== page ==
Effects of muscarinic agents on chick choroids in intact eyes and eyecups: evidence for a muscarinic mechanism in choroidal thinning
Article first published online: 12 MAY 2013
Ophthalmic & Physiological Optics © 2013 The College of Optometrists
Ophthalmic and Physiological Optics
Special Issue: Understanding & Controlling Myopia - Where We Are Now. A compilation to honour the research achievements and mark the passing of Josh Wallman
Volume 33, Issue 3, pages 245–256, May 2013
How to Cite
Effects of muscarinic agents on chick choroids in intact eyes and eyecups: evidence for a muscarinic mechanism in choroidal thinning. Ophthalmic Physiol Opt 2013; 33: 245–256. doi: 10.1111/opo.12054, & .
- Issue published online: 12 MAY 2013
- Article first published online: 12 MAY 2013
- Manuscript Accepted: 6 MAR 2013
- Manuscript Received: 3 SEP 2012
- eye growth
In chicks, ocular growth inhibition is associated with choroidal thickening and growth stimulation with choroidal thinning, suggesting a mechanistic link between the two responses. Because muscarinic antagonists inhibit the development of myopia in animal models by a non-accommodative mechanism, we tested the hypothesis that agonists would stimulate eye growth and thin the choroid. We also hypothesized that the effective growth-inhibiting antagonists would thicken the choroid.
Chicks, age 12–16 days, were used. In vivo: Agonists: Single intravitreal injections (20 μL) of oxotremorine (oxo), pilocarpine (pilo), carbachol (carb), or arecaidine (arec) were given to otherwise untreated eyes. A-scan ultrasonography was done prior to injections, and at 3, 24, 48 and 72 h. Antagonists: −10D lenses were worn on one eye for 4 days. Atropine (atro), pirenzepine (pirz), oxyphenonium (oxy) or dicyclomine (dicy) were injected (20 μL) daily into lens-wearing eyes; saline injections were done as controls. Ultrasonography was done on d1 and on d4; on d4 measurements were done before and 3 h after injections. In vitro: Paired eyecups of retinal pigment epithelium (RPE), choroid and sclera were made from 1-week old chicks. All drugs except atropine were tested on one eyecup, its pair in plain medium. Choroidal thickness was measured at various times over 48 h.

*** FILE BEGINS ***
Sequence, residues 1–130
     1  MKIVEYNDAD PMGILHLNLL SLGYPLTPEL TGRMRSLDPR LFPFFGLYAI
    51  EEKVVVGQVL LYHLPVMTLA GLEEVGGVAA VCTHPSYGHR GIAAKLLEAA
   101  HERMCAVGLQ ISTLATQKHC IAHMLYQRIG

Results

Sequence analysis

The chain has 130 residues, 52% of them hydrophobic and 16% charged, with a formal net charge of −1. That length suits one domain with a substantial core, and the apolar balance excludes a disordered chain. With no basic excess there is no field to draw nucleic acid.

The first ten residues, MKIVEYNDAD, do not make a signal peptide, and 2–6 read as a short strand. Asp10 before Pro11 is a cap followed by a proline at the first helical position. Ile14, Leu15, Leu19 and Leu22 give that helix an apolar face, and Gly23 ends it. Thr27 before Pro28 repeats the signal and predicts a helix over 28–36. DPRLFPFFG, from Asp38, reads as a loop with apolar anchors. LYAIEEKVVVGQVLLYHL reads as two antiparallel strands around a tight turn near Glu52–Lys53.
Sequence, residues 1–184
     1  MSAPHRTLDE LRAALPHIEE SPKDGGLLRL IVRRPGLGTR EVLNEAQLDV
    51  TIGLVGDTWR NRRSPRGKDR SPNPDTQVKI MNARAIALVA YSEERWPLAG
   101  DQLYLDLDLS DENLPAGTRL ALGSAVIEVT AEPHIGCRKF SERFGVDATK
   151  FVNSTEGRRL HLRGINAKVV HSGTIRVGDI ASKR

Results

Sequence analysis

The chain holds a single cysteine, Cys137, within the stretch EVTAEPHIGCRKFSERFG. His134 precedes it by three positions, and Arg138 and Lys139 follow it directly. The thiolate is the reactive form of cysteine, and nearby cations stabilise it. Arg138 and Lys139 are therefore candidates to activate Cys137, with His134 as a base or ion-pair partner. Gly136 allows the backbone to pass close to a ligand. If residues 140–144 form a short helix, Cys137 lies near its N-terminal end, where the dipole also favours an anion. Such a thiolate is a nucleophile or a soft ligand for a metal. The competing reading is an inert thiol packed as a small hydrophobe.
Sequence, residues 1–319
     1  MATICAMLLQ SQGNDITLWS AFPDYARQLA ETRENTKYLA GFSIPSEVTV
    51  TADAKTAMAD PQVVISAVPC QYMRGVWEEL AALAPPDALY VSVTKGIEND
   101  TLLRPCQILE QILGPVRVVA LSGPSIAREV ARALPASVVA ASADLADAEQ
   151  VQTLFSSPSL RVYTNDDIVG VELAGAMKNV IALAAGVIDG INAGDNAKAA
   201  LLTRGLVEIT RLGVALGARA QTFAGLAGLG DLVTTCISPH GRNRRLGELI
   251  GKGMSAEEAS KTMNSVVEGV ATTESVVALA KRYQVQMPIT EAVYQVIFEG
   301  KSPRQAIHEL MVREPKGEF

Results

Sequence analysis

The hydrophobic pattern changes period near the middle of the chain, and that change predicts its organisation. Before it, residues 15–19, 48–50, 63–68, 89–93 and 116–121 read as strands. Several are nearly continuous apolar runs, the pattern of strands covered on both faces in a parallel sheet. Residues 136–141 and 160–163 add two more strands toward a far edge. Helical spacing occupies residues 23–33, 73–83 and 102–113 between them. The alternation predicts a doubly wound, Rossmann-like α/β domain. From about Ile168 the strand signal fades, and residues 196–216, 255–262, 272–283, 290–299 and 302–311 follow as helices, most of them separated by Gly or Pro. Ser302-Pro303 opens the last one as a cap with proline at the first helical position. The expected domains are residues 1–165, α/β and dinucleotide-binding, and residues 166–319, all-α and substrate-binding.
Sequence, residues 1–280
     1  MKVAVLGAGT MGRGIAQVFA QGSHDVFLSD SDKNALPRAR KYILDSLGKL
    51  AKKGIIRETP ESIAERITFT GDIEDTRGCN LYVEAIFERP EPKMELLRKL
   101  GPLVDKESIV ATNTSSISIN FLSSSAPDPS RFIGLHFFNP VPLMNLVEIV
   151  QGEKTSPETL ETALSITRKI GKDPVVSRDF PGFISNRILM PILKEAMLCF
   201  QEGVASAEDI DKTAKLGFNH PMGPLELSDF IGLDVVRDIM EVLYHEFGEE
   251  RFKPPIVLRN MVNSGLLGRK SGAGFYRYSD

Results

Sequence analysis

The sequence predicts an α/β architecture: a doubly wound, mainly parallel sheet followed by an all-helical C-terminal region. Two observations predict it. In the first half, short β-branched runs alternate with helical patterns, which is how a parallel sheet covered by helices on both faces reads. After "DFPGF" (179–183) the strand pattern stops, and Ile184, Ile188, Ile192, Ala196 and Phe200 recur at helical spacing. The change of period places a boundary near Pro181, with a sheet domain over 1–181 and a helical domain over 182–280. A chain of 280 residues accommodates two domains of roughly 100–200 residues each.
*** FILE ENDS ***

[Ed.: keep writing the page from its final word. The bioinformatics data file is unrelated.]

Agonists: In vivo, oxotremorine caused an increase in the rate of axial elongation (drug vs saline: 24–72 h: 338 μm vs 250 μm; p < 0.001). All except pilocarpine caused choroidal thinning by 24 h (oxo, carb and arec vs saline: −25, −35 and −46 μm vs 3 μm). In vitro, all agonists thinned choroids by 24 h (oxo: −6 vs 111 μm; pilo: 45 vs 212 μm; carb: −58 vs 65 μm; arec: 47 vs 139 μm; p < 0.05). Antagonists: Atropine, pirenzepine and oxyphenonium inhibited the development of myopia in negative lens-wearing eyes, and also caused choroidal thickening (drug vs saline: 42, 80, 88 vs 10 μm per 3 h). In vitro, pirenzepine thickened choroids by 3 h (77 vs 2 μm, p < 0.01).
Muscarinic agonists caused choroidal thinning in intact eyes and eyecups, supporting a role for acetylcholine in the choroidal response to hyperopic defocus or form deprivation. Only oxotremorine stimulated eye growth, which is inconsistent with a muscarinic receptor mechanism for antagonist-induced eye growth inhibition. The dissociation between choroidal thinning and ocular growth stimulation for the other agonists in vivo suggest separate pathways for the two.